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Screening policies during pregnancy

Maria Teresa Neto

- Unidade de Cuidados Intensivos Neonatais, Hospital de Dona Estefânia. Centro Hospitalar de Lisboa Central EPE. Nova Medical School/Faculdade de Ciências Médicas, Universidade Nova de Lisboa. Lisbon, Portugal

- Palestra. Fourth UENPS Meeting. Athens 12/14 December 2014

During pregnancy several illnesses may be screened-genetic disorders, hematologic conditions or infectious diseases. Our attention will focus in infectious diseases. Syphilis continues to be a challenging infection. Despite a cheap diagnosis and treatment continues to be cause of congenital infection in developing world and in some developed countries where it surpass the number of cases of vertical transmission of HIV. This is because more investment was put in the control of HIV. Even though some European countries have no policy concerning HIV screening during pregnancy. Prevalence of HBsAg varies between 0.1 and 4.4 in 16 European countries. In Portugal universal screening during pregnancy started in 1992. In 2000 started vaccination of all people until 18 and all newborn infants. The most successful fight against congenital infections is related with rubella. In Portugal vaccination started in 1984. The prevalence of IgG against rubella is higher than 95% in women of childbearing age. The World Health Organization European Region’s goal is to eliminate rubella and congenital rubella syndrome(CRS) by 2015. Even thought in this century there were 2 cases of CRS in Portugal and 16 in the UK. All countries(28/28) have a nationwide surveillance system for CRS and 26/28 have mandatory report. Concerning toxoplasmosis the disagreement about screening continues. Some countries including Portugal do screening; others do not screen during pregnancy but do it after birth if the newborn is sick(Denmark); others do nothing(UK). The prevalence of IgG against toxoplasmosis in Portuguese pregnant women has been decreasing probably because of primary prevention. CMV primary infection during pregnancy may result in severe consequences for the foetus. Many authors advise screening during pregnancy and even secondary prevention with IV IgG in negative women. In Portugal screening is performed before pregnancy aiming to facilitate diagnosis of congenital infection in case of foetal anomalies. Primary prevention has shown also to be of great efficacy to prevent seroconversion. Europe seems a mosaic with each country having its own policies concerning infectious disease during pregnancy, probably because it is difficult to show the evidence for the correct management of these infections during pregnancy.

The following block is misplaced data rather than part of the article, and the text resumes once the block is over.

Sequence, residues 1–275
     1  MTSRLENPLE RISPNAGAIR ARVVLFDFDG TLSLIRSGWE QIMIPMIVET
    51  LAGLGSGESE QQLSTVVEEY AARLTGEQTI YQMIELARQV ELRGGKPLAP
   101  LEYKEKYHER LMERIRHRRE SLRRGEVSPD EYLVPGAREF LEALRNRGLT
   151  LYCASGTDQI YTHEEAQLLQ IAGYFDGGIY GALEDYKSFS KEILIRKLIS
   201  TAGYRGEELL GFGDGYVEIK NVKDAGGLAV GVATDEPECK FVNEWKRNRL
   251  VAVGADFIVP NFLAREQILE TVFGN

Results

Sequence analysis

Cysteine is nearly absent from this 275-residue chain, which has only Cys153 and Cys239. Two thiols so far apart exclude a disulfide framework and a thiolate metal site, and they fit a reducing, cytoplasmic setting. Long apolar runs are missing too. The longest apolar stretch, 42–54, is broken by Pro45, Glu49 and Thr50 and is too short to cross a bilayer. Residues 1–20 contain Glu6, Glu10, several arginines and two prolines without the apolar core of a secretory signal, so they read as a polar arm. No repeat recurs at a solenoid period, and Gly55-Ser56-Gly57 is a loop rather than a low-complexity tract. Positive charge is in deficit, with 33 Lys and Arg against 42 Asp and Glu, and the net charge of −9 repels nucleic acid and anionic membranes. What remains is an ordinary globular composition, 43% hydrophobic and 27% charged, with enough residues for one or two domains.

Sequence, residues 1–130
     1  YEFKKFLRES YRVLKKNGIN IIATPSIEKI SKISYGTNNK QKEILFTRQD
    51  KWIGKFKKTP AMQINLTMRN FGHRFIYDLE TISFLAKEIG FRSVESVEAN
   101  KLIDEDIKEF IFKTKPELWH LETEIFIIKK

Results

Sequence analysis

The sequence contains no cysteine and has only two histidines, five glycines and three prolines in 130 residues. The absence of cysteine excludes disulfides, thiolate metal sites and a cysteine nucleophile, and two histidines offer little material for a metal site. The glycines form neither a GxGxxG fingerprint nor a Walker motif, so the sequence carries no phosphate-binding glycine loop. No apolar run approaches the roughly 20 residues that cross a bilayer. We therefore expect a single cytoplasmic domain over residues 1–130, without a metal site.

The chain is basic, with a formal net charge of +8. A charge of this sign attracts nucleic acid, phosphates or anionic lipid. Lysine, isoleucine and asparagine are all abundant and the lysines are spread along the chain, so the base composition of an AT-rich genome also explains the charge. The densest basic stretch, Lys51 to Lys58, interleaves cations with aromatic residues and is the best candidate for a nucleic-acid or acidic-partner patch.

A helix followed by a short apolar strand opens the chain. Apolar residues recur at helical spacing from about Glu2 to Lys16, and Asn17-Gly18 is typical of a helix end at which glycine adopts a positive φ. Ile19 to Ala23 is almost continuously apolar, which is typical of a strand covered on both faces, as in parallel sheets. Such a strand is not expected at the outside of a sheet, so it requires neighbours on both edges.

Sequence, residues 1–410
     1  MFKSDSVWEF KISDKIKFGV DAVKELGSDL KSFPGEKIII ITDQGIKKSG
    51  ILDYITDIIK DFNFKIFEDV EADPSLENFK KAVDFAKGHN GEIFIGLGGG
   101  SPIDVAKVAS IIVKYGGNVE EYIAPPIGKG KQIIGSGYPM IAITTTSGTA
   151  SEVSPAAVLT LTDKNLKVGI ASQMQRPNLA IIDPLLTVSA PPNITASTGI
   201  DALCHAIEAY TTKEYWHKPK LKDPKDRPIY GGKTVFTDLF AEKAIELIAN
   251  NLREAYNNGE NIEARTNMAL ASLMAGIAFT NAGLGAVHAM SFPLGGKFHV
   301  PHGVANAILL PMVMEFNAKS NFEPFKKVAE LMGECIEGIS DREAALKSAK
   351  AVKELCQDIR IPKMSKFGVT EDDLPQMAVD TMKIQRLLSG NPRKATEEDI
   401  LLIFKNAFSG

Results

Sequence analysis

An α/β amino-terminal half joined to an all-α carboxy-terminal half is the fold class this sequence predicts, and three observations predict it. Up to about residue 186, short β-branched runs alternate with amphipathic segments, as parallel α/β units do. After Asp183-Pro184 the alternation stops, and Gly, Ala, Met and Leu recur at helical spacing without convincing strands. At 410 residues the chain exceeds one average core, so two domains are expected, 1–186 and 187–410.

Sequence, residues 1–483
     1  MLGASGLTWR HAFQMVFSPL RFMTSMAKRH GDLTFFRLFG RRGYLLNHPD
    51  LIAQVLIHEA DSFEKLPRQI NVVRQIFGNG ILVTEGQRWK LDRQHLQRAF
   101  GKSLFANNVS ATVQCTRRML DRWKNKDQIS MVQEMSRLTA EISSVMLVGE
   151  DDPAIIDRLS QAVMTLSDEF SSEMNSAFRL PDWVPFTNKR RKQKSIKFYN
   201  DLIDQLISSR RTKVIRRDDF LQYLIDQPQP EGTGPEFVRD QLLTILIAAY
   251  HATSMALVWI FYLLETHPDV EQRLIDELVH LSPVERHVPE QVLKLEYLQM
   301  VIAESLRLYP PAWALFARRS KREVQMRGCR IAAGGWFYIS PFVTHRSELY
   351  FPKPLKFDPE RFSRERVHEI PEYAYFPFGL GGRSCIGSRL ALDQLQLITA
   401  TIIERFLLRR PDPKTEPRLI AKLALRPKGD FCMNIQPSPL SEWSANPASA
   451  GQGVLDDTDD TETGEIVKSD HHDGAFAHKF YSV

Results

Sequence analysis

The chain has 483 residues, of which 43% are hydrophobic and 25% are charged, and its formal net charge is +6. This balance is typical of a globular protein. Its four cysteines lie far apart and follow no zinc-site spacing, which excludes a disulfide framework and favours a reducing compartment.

Keywords: Infectious diseases, Pregnancy, Screening policies.